Dispatchers to be honored next week

Shannon Litz / Nevada Appeal Public safety communications operator and trainer Maricela Ceballos works at the Carson City Dispatch Center on Wednesday.

Shannon Litz / Nevada Appeal Public safety communications operator and trainer Maricela Ceballos works at the Carson City Dispatch Center on Wednesday.

Carson City's dispatch center handles 200,000 calls a year. The division's 20 employees respond to everything from barking dogs to heartbroken family members pleading for help.

"It is a stressful ... job. No one calls 911 because they are having a good day," said Karin Mracek, communications manager. "The dispatchers are also accountable for every decision, word and computer keystroke they make or don't make. They do get a lot of personal satisfaction when they do a good job, and they all are very self driven to do the best they can as well as have the desire to help people in general."

National Public Safety Telecommunications Week is April 10-16. Established in 1981 in California's Contra Costa County, the week is designed to raise awareness of the hard work and dedication of 911 call takers, dispatchers and other telecommunications staff.

"The dispatchers carry the tone for much of the public safety activity," said Sheriff Kenny Furlong. "It gets very high-energy, very fast and their calming voices helps to lower the stress in the field by consistently and calmly providing essential information. We have an excellent team."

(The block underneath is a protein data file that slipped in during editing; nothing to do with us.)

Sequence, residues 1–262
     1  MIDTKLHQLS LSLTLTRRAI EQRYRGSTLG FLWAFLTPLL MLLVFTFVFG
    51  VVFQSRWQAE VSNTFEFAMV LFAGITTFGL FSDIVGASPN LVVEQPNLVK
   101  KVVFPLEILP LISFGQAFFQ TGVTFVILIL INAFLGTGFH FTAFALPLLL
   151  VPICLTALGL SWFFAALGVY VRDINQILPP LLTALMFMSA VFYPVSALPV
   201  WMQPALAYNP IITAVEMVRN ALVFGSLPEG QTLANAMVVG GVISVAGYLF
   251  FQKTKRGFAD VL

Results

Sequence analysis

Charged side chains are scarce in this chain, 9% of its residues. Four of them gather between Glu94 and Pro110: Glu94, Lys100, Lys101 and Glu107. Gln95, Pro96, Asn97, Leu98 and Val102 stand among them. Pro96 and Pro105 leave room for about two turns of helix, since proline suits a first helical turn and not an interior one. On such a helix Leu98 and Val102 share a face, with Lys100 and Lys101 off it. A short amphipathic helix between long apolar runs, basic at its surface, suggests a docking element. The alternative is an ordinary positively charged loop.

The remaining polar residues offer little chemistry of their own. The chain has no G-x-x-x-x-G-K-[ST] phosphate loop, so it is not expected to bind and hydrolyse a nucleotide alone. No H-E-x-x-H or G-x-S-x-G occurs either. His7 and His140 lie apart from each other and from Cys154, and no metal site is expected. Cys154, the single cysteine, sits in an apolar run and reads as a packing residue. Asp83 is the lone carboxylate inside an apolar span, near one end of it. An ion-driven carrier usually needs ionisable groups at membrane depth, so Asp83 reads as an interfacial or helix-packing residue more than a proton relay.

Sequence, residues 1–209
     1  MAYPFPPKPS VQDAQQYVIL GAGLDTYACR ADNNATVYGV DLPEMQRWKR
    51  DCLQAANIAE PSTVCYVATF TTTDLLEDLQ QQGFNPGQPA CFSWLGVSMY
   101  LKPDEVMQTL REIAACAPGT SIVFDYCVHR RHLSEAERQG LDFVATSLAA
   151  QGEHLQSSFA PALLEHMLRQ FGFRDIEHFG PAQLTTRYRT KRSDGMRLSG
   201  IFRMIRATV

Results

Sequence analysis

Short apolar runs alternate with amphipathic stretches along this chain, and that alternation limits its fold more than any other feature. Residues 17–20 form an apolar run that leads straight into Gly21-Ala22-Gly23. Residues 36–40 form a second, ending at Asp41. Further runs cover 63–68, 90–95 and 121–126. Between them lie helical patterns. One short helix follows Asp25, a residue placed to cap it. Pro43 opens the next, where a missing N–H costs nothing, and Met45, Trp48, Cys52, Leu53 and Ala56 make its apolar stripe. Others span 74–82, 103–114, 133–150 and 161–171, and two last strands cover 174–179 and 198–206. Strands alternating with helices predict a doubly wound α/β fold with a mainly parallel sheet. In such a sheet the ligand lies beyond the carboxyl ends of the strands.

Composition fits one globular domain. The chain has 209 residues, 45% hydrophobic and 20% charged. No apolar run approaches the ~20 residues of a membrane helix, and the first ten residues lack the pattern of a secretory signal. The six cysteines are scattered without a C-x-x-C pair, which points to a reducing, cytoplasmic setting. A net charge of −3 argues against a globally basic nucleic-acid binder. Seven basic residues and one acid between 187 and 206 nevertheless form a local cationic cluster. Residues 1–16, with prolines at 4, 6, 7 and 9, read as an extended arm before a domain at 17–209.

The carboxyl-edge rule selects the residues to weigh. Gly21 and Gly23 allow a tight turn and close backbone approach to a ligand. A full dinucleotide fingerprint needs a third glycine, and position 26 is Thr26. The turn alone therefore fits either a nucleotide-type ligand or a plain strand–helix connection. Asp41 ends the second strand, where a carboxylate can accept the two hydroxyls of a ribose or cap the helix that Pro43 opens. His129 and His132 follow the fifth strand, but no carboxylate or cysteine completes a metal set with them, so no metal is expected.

Before help arrives, a dispatcher is the first responder.

Furlong said the training required - eight months worth before a dispatcher is allowed to go solo - is even longer than that to become a peace officer.

They must quickly and efficiently determine how to dispatch a call, while simultaneously providing information to the caller and emergency personnel. It's a stressful job that leaves little room for dwelling on a difficult call, said Furlong.

"Because of the necessity of the job and the few people out there, they can't walk away and decompress; the volume of business out there necessitates they be ready to stand up full force for the next phone call," he said.

The Association of Public Safety Officials International suggests the general public can honor their dispatchers by sending thank-you notes to the Sheriff's Office.

Mracek said she does her best to make sure her team is recognized internally for their hard work, but a little extra thanks doesn't hurt.

"They are truly an amazing group of hard-working, dedicated, and talented people that I am very proud to work with," she said.￿

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